Teenage Teachers Royal Approval

The Co-operative Academy has trained up almost 100 of its students to become teachers so they can deliver lessons to primary schoolchildren.

The 11 to 16-year-olds specialise in different subjects and plan the class work themselves.Now the scheme has won praise from Ofsted inspectors for helping pupils to gain ‘valuable skills’.

And last week, the ‘Co-operative Young Leaders’ met Prince Charles when he visited the school to see its innovative approach to education.

Altogether, 94 young people – one in seven of all the Academy’s students – have been trained to run the sessions for primary pupils on a rota basis several times a week.

Fourteen-year-old Samantha Humphries, from Tunstall, said: “I really enjoy it. We use planning sheets that a normal teacher would use and organise a starter and a main activity.

“It’s helped us understand how much work goes into a lesson. We’ve taught children from year two up to year six.

“It’s also helped me with my own schoolwork, because I’m now more confident to answer questions and deliver presentations.”

Fellow young leader Melissa Cain specialises in coaching the primary school children in ICT, science and sport.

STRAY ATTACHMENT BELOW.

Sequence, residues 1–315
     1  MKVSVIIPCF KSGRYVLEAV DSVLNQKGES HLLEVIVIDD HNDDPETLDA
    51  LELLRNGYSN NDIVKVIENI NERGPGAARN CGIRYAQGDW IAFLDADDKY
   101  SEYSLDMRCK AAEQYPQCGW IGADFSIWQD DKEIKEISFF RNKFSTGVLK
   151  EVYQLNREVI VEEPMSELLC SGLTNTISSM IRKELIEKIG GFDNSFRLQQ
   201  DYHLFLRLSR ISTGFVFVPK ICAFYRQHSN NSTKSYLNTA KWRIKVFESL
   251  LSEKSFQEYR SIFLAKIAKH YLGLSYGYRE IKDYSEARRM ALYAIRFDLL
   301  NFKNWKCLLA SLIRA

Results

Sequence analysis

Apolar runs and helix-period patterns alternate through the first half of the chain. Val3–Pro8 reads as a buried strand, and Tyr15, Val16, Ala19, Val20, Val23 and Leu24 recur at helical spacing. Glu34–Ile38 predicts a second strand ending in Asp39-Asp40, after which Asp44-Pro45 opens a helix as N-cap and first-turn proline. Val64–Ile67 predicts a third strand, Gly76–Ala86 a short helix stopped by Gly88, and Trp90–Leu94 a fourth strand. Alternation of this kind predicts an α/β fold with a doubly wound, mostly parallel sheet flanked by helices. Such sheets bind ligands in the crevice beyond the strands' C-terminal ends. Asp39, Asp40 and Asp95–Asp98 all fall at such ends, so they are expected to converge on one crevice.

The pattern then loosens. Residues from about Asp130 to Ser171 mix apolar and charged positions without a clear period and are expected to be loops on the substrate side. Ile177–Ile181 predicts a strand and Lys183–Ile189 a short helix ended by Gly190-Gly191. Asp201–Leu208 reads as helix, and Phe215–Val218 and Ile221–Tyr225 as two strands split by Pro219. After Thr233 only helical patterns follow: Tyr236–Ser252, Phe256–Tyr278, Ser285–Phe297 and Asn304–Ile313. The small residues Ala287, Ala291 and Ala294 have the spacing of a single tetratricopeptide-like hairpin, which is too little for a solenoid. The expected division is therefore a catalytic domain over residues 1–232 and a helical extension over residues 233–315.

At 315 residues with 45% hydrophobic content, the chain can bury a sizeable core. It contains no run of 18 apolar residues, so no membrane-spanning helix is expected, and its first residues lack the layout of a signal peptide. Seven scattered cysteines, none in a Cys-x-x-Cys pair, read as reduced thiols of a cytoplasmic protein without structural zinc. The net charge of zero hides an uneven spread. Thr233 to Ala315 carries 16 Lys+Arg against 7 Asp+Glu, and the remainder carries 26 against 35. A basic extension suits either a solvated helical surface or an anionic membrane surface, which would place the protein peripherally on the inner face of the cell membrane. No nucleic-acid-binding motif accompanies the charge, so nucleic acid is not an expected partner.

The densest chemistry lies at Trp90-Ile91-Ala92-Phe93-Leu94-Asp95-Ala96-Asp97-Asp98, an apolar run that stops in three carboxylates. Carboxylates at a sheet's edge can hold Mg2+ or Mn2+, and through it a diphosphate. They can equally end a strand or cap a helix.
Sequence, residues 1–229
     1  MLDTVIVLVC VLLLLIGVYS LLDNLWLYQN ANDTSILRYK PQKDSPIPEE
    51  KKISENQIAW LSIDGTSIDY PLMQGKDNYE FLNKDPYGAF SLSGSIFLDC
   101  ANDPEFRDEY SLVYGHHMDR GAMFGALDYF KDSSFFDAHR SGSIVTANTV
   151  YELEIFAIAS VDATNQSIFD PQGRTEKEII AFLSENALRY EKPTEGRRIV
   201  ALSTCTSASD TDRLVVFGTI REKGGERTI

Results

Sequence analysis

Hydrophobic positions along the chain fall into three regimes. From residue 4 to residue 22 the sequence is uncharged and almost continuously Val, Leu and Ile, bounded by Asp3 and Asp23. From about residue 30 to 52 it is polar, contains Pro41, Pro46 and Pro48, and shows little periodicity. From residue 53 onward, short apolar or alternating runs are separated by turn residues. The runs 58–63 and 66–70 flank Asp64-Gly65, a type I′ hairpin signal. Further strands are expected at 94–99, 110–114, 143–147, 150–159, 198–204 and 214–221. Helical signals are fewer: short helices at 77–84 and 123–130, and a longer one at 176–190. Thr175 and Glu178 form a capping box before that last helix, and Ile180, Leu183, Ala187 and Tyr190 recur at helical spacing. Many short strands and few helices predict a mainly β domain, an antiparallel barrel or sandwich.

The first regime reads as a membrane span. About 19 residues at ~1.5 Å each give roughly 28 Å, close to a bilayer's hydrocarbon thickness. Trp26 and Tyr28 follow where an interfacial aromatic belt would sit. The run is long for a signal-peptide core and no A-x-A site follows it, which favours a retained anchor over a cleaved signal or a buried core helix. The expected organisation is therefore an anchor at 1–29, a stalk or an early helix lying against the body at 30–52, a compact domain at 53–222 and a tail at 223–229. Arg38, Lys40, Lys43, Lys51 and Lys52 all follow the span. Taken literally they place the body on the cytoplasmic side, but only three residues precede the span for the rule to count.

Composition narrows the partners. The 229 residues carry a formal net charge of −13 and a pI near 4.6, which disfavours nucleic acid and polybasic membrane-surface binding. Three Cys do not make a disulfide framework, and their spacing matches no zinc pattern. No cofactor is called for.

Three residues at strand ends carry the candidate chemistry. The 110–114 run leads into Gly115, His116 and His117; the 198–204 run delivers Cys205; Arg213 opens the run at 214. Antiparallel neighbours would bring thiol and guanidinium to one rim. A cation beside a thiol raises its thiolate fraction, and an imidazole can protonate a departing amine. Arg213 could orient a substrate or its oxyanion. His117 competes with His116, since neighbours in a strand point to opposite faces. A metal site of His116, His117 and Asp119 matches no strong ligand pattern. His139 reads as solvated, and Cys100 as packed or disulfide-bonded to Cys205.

The 14-year-old, from Tunstall, said: “In science, we’ve done sessions about light and electricity. For ICT, we are getting them to create their own computer games.

“It’s made me want to become a teacher when I’m older.”

Most of the lessons are delivered in the primary schools and range from basic French through to supporting children with reading.

Eight of the Co-operative’s feeder schools are involved and it is now being extended to primaries further afield.

Academy pupils stay behind one evening a week to catch up on any work they have missed in their own lessons.

Programme co-ordinator Liz Garrity said: “We’ve also developed an accreditation system, so they can earn certificates and bronze, silver and gold awards for the hours they volunteer. They can put it on their CV.

“I didn’t expect it to be this successful. We started the programme 18 months ago with 25 sports leaders.

“But when I saw how their confidence, self-esteem and communication skills had grown, I thought we could do it with other subjects.”

Students work alongside the Academy staff to learn how to plan lessons, project their voice and manage a class.

Staff from the primary schools also suggest the topic areas so they fit in with what schoolchildren are studying for the national curriculum.

One of the recent sessions saw Mill Hill Primary pupils learn how to design computer game characters.

Nine-year-old Ifzal Nadeem, from Tunstall, said: “The students teach you more stuff.

“They know things the normal teachers don’t know.”

Classmate Alex Hodgson, aged eight, from Stanfields, added: “I feel like I’m learning something new every day with their help.”

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